News from Andalucia & Costa del Sol
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No Ronda trains for three to six months
By David Eade
Railway lines in the Ronda area have been undergoing round the clock improvements for many months to pave the way for the AVE high speed service. Now the railway infrastructure company, Adif, has announced that the Ronda railway line will close for three months from October 25 or 26 - although it could take up to six - as the crews move down the track towards Cortes de la Frontera.
Commuter, Madrid and freight services have continued running through the upheaval but work on the tracks between Ronda and San Pablo de Buceite sees crews having to tackle very difficult terrain. The area is mountainous with numerous tunnels and technicians have opted to close the line.
This will mean the suspension of the Bobadilla - Ronda - Algeciras commuter line as well as the twice daily service to Madrid. An alternative bus service will be set up to transport travellers and those wishing to go to Madrid will be taken to Málaga or Bobadilla for the AVE connection.
Freight trains will also be affected, so containers will be transported by road to Sevilla or Córdoba for further rail transportation. However the move has been welcomed by both Algeciras port and the heavy industry in the bay. Currently only one or two per cent of Spain's freight goes by rail compared with 70 per cent in wider Europe. The APBA says the electrification of the line and doubling of the track for the future AVE service is "magnificent news".
Cádiz MP, Salvador de la Encina, who is also the spokesperson for the Comisión de Infraestructuras in Congress, stated that a report on the project's progress will be given around December 20. The upgrade of the 160-kilometre section will be carried out on a 24 hour basis but it could be extended from three to six months depending on progress.
Luxury home robbery gang busted
Officials say group was set to launch wave of break-ins in Guadalhorce valley
By Oliver McIntyre
The Guardia Civil have broken up a gang who are alleged to have committed at least 20 luxury-home robberies and who officials say were set to launch a wave of break-ins in the Guadalhorce valley. Officers arrested eight people and seized stolen property and drugs valued at over two million euros, said the Interior Ministry.
The investigation, code-named Operation Tartavell, was launched in May after a member of the public alerted authorities to the presence of a group of Eastern Europeans living a high lifestyle in a luxury Mijas Costa home, with no apparent legitimate means of income.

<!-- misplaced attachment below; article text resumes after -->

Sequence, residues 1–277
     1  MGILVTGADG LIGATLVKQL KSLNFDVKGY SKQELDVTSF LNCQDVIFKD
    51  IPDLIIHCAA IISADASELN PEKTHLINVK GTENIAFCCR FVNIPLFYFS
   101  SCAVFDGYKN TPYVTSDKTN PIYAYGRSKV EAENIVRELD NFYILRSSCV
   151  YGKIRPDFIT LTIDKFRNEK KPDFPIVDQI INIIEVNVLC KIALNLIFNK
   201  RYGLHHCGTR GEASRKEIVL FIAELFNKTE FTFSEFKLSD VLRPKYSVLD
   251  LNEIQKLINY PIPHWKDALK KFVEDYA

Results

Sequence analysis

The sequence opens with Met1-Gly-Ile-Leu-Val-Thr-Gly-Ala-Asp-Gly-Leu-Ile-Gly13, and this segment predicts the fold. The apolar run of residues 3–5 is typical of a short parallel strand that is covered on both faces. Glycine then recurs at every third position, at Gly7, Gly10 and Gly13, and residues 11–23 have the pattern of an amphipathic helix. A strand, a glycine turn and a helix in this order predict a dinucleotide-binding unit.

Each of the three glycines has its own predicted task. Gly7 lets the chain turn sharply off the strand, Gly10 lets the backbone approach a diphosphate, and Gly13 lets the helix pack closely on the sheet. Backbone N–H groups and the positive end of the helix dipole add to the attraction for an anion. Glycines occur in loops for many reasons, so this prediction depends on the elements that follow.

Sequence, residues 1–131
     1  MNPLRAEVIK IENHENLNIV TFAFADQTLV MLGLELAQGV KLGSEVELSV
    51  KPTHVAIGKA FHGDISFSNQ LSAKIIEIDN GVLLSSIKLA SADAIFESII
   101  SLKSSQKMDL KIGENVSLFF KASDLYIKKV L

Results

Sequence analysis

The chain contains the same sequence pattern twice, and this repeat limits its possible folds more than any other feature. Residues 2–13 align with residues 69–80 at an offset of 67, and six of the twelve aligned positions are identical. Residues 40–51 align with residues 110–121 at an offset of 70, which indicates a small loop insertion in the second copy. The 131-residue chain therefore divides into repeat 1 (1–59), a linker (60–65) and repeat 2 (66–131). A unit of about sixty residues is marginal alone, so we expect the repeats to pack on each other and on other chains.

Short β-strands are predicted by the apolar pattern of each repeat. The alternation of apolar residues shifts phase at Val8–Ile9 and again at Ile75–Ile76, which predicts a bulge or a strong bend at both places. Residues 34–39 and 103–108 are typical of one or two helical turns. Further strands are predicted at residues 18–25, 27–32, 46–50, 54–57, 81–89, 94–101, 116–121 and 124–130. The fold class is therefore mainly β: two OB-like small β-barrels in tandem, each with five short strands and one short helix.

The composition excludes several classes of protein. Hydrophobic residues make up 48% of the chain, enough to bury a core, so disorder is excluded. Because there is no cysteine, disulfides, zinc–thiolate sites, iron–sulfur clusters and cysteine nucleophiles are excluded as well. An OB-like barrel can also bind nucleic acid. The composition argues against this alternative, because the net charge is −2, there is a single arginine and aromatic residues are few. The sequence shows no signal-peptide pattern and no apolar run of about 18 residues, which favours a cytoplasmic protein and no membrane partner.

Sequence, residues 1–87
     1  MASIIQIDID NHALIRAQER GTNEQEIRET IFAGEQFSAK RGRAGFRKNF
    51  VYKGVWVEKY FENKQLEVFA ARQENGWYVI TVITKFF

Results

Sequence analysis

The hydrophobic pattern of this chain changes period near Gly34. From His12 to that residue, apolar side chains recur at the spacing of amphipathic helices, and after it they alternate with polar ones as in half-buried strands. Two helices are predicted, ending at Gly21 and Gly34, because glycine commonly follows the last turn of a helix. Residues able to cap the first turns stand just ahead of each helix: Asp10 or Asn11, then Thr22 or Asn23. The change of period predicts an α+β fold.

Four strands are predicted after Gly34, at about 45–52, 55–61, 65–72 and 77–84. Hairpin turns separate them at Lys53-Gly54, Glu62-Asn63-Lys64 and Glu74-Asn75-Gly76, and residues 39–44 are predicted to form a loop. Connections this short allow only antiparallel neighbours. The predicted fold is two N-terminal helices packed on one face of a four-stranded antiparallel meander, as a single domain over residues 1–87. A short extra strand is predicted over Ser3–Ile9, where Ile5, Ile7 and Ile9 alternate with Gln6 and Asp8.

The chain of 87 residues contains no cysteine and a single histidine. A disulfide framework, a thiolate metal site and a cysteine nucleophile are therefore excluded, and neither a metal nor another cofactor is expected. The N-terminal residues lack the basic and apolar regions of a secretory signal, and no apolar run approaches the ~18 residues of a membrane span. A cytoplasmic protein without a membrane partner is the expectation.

The Guardia Civil's organised crime unit began tracking the group and identified one of them as a known criminal with several previous convictions. Officers watched as the three Albanian men, and two Romanian women who lived with them, went out on regular spending sprees at luxury clubs, restaurants and stores.
When investigators learned the gang was about to launch a series of home break-ins in the Guadalhorce valley, they swooped in to make the arrests. They picked up the three Albanian men and two Romanian women, plus three Spanish men.
Officials say the Albanians would scout out homes and then commit night-time break-ins, often while the owners were at home asleep. They disabled alarm systems and acted silently, taking cash, jewellery and other valuables. They sometimes made off with the homeowners' cars, which they sold to the three Spaniards, who used them for drug trafficking.
Film Academy snubs Almodóvar in Oscar selections
Spain's most famous director's latest film, starring Penelope Cruz, not on shortlist
By Dave Jamieson
The stormy relationship between Spain's best-known film director and the country's Film Academy appears to be raging on. A Pedro Almodóvar movie starring Penelope Cruz has not made it to a shortlist for the Oscars.
The three films shortlisted for entry in the Best Foreign Language Film category were announced by the Academy last week and the judges have not included Almodóvar's Broken Embraces. The movie, described as tribute to the film noir genre, stars Madrid-born Cruz and has received favourable reviews abroad. However, critics at home were not so kind and, although remaining silent on the latest apparent snub, Almodóvar has in the past complained that his work is not as valued in Spain as it is elsewhere, and particularly in France. Almodóvar also resigned as a member of the Academy after a disagreement on voting rules for the Goya prizes for the arts, Spain's equivalent of the UK's Bafta Awards.
The three films which have been selected include The Dancer and the Thief from director Fernando Trueba, who picked up the foreign-language movie Oscar in 1993 for Belle Époque. Also listed is Isabel Coixet's romantic thriller Map of the Sounds of Tokyo, and Gordos, which is the work of 39-year-old Daniel Sanchez Arevalo, who was named as best new director in Spain's Goya awards two years ago. The judges are due to make their final selection on Tuesday.